children, faith, parenthood

Dealing With a Wayward Child

Most people think that a rebellious child starts their revolt when they’re 13 or 14 years old.

Having grown up in the church observing other kids, it was quite clear to me that children began picking their path –either for or against their parents’ faith– by the time they were 8 or 9 years old. I have told my children as much: that even in grade school, they are already setting themselves down a path that will be hard to detour from.

My life is a prime example that it’s not impossible to alter course as you get older, but it’s much harder that if you simply chose to follow Jesus from the start. See my testimony here.

Additionally, many parents assume that if they raise the child the right way he or she will automatically make the choice to follow God. Often, this is based on misinterpreting a verse in Proverbs as a promise. Proverbs are sayings that are generally held to be true, but they are not promises from God.

I actually know people who have walked away from the faith after their child strayed because they believed God had broken His promises to preserve their children when their child didn’t choose to follow Jesus.

The parent serving God is not a guarantee that the child will serve God.

Knowing the difference between a promise, a command, and a proverb can help avoid a lot of confusion about scripture.

God gave us free will –all of us, even our children. The prime example of free will –and the first people to exercise their free will– was Adam and Eve. They had the best parent: they had God Himself, and they still rebelled. This shows us that even the most perfect parent can have children rebel.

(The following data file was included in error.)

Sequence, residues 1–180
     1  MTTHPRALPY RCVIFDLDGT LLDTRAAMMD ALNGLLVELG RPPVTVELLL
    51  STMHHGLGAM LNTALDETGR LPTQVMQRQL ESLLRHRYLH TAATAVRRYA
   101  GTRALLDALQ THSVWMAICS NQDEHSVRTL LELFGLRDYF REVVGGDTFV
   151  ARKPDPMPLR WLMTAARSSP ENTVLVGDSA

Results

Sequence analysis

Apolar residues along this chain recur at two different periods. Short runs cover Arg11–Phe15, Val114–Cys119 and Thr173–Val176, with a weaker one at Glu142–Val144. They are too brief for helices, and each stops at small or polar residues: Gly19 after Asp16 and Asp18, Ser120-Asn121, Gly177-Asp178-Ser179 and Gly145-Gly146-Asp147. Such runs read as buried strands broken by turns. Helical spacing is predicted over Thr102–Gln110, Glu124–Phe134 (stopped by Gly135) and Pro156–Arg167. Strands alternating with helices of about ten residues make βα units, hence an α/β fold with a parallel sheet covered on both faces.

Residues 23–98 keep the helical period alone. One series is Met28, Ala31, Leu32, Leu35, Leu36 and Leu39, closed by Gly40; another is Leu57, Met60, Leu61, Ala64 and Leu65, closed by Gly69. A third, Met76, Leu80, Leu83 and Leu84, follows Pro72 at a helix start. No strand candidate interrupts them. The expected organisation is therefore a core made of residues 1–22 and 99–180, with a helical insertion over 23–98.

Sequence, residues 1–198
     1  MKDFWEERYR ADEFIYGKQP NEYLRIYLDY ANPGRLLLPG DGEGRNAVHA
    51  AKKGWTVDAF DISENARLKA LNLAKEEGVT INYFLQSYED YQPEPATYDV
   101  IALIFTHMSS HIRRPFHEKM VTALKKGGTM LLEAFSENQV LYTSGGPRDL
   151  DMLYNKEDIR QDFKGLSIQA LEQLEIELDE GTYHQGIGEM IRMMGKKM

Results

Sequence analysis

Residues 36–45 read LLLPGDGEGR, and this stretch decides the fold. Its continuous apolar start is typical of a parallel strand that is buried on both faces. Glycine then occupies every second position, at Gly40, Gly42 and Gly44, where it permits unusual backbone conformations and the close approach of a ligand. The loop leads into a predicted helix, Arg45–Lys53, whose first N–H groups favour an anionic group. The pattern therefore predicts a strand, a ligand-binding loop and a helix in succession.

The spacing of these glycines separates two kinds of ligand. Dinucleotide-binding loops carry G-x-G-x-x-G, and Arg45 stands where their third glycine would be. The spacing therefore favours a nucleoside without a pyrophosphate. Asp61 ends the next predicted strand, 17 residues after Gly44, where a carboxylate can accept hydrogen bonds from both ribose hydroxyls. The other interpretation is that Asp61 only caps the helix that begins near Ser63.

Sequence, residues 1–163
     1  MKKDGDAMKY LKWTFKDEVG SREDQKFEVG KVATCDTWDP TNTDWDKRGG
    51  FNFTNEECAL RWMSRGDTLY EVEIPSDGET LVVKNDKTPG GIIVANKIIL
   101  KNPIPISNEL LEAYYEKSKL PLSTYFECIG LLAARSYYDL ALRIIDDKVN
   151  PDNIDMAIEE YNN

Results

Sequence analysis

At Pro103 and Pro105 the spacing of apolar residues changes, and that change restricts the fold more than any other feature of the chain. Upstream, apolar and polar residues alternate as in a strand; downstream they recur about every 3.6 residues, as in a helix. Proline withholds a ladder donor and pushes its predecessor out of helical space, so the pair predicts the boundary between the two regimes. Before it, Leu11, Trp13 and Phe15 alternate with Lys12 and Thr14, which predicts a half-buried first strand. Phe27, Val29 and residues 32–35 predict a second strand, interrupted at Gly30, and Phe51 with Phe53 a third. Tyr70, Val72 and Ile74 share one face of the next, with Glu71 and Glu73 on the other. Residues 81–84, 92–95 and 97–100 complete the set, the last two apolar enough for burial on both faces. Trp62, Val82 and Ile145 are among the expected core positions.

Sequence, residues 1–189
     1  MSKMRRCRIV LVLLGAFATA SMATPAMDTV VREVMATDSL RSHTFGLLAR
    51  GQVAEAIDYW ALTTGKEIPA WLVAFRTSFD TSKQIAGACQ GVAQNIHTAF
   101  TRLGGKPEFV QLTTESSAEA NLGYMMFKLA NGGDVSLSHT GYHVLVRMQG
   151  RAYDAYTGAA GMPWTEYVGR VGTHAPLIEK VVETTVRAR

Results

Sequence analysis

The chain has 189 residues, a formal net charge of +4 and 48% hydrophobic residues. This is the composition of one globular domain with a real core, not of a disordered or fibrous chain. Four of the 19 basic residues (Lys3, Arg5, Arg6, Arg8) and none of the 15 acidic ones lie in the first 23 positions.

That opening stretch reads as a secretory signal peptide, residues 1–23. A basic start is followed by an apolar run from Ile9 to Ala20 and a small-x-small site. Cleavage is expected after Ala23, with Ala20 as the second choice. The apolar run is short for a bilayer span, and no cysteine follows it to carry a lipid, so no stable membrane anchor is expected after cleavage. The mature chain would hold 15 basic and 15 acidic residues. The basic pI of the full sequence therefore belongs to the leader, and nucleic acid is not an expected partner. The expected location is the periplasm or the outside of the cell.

It’s not simply an issue of bad parenting.

If your child rebels against your faith or authority, it isn’t a rebellion against you. It’s a rebellion against God.

We can look to scripture to see how we should respond to a wayward child. Of course, everyone thinks of the prodigal son, but there are other verses that I think of.

If your child is a believer, there are instructions in scripture for dealing with a brother who is in sin. See this chart.

If your child isn’t a believer, you should continue to treat him with kindness and love in an effort to win him to Christ and show him Jesus’ love. We are to be kind to everyone: believers and unbelievers. See this chart

I watched my parents be Jesus to my sister who walked away from the faith. For a decade, I watched them love her even when I doubted that it would work.

They loved and prayed her back to Jesus.

I have seen teens who walked away from the faith return back to the faith 10 or 15 years later. They may have done drugs or gone to jail along the way, but God’s grace is greater than any of that.

Don’t give up hope. With God all things are possible.


Sarah Forbes


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